Misery by Stephen King – The Folio Society Special Edition

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Misery by Stephen King is a great book, actually it’s damn near masterful.

It’s more than what first meets the eye; Misery is a deeply rich study of pain. It’s also on the other hand a rich craft book – odd I know, but with our main protagonist Paul Sheldon being a writer who has survived a horrific car accident with the help of the mentally troubled Annie Wilkes (his number one fan) – we’re treated to the writers descent into a creative minefield, where he is forced to head back to the world he created and killed off – ‘The Misery Books’ to write the next book in this series for his number one fan. We get to see the creative process, the rewrites and what I loved about Misery is that we also get to see and read this book within a book as the story progresses and the reincarnation of the series begins to take shape.

©The Folio Society

Paul Sheldon is a bestselling writer, he’s returning home after finishing his latest book, a crime thriller which he believes is his next big hit – it’s a far cry from the Misery books he’s been writing and he has high hopes that this will propel him onwards in a career where all his other titles seem to flounder, where his Misery titles sell by the bucket load and his other titles, well they do well but there no where near Misery’s sales. On his way back his car loses control on the icy road and crashes, his body is smashed, broken beyond belief. But there is a ray of hope, or is it a thundercloud of dread – Paul is found by Annie, a retired nurse and she drags his broken body from the car and brings him to her home. She looks after him, nurses him back to health, but Annie has other plans and soon Paul Sheldon realises that the only way to get out alive is to write the book that she so desperately wants. Misery’s Return.

What I love about picking up a Stephen King book is that it gives me a warm fuzzy feeling, it’s comforting, it’s like I know what I’m getting – greatness on the page, and this is one mighty fine offering. It’s the first time reading ‘Misery’ for me and I feel that I’ve been spoilt with the edition I’ve read. The Folio Society edition is everything a King fan could ask for, a beautifully haunting cover, illustrations to die for and just a beautifully constructed book (both inside and out) – plus it’s King’s words, so what is there not to like.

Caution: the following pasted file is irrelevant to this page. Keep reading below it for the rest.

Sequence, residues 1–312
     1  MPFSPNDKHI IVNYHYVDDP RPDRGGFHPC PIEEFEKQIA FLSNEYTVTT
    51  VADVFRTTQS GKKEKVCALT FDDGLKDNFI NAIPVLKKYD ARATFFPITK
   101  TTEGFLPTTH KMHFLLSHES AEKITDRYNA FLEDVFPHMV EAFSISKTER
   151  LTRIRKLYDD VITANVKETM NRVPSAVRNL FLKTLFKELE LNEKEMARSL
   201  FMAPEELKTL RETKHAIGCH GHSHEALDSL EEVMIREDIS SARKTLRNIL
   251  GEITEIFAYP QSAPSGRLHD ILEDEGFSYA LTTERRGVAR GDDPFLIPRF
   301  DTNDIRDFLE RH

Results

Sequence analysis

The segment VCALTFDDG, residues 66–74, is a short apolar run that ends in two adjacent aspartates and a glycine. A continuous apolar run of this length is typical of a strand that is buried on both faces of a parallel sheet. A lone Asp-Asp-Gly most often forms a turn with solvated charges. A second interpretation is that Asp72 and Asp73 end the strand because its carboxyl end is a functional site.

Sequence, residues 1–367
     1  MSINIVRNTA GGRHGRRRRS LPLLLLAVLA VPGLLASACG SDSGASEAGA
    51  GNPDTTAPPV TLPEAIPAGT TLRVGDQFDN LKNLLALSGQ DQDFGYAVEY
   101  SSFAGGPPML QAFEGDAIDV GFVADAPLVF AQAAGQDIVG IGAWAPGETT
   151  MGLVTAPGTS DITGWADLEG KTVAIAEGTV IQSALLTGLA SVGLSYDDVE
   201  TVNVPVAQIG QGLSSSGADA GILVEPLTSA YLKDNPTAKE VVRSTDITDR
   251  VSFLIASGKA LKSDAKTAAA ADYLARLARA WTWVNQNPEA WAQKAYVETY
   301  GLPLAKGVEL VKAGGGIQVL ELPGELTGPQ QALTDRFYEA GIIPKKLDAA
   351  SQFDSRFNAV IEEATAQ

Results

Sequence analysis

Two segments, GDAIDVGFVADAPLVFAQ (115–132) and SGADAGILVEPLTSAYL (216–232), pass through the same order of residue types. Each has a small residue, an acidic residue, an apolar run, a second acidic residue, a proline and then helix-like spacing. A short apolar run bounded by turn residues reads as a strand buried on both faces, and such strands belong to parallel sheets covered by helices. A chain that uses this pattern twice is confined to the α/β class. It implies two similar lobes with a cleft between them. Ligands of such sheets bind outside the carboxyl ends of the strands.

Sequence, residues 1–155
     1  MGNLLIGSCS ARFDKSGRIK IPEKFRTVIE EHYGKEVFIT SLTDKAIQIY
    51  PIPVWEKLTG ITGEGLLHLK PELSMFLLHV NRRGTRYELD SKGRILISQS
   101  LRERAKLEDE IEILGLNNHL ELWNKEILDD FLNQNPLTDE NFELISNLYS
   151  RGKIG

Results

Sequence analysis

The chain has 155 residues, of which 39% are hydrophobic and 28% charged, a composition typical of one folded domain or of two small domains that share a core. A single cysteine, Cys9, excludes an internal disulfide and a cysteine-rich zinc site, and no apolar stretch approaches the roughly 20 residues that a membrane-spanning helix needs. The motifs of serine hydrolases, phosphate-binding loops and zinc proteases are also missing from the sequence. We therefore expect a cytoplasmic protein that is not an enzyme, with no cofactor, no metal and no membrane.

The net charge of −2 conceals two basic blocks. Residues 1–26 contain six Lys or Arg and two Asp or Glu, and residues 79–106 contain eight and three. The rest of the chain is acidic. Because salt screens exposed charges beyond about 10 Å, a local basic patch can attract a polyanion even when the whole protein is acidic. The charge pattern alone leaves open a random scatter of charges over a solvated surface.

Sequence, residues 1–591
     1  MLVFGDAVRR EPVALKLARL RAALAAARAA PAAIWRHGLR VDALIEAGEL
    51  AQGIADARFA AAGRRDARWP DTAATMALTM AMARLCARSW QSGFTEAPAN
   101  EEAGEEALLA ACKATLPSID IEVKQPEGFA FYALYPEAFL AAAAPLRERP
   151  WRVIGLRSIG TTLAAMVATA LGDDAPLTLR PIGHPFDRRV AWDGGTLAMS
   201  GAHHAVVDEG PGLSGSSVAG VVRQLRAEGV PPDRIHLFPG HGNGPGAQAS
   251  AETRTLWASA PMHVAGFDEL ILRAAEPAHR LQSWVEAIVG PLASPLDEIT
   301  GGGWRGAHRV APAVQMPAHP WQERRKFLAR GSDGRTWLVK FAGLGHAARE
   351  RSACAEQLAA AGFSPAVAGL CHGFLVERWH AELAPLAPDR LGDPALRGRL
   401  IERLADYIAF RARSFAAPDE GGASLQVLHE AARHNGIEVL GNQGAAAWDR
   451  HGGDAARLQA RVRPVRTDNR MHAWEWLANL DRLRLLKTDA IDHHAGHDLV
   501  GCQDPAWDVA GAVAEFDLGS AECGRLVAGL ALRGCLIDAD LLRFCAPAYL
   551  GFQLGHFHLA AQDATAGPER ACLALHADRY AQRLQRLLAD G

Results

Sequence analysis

Illustration © Edward Kinsella 2021 from The Folio Society edition of Stephen King’s Misery

When reading the book we get as I previously mentioned parts of Misery’s Return appearing within the pages – these are typed pages and it just adds to the whole experience – I did check other editions and they have the same format, but there’s something about this edition that propels this element and makes the reader stand up and take notice. Paul Sheldon is bought an old Royal Typewriter by Annie Wilkes – the typewriter is second hand and has a key missing. So when these typed pages appear we see the missing letter has been hand drawn in by Paul Sheldon and later by Annie. It’s such a cool touch as the handwriting of each letter is slightly different – it’s a small detail, one that could have been overlooked, but it’s that attention to detail that really propels the feeling of the book, everything has been taken into consideration. Later as his furious work continues at the keys other ones break and there are more corrections added, we’re also treated to some hand written pages once Paul gives up completely from using the infernal contraption.

My only reference to Misery was the film directed by Rob Reiner and staring James Caan and Kathy Bates. It’s a great film, but the book – as they always say – is so much better than the film. I was gearing myself up for a particular scene (it’s an old book and an old film – so I’m going to mention it, if you don’t want to know skip to the next paragraph) the scene where Annie (Kathy Bates) takes a sledgehammer to Paul’s already broken and mending legs, in essence she hobbles him. The book takes this whole scene one step further, all I’m going to say is there is an axe involved an a blowtorch and a whole lot of suffering.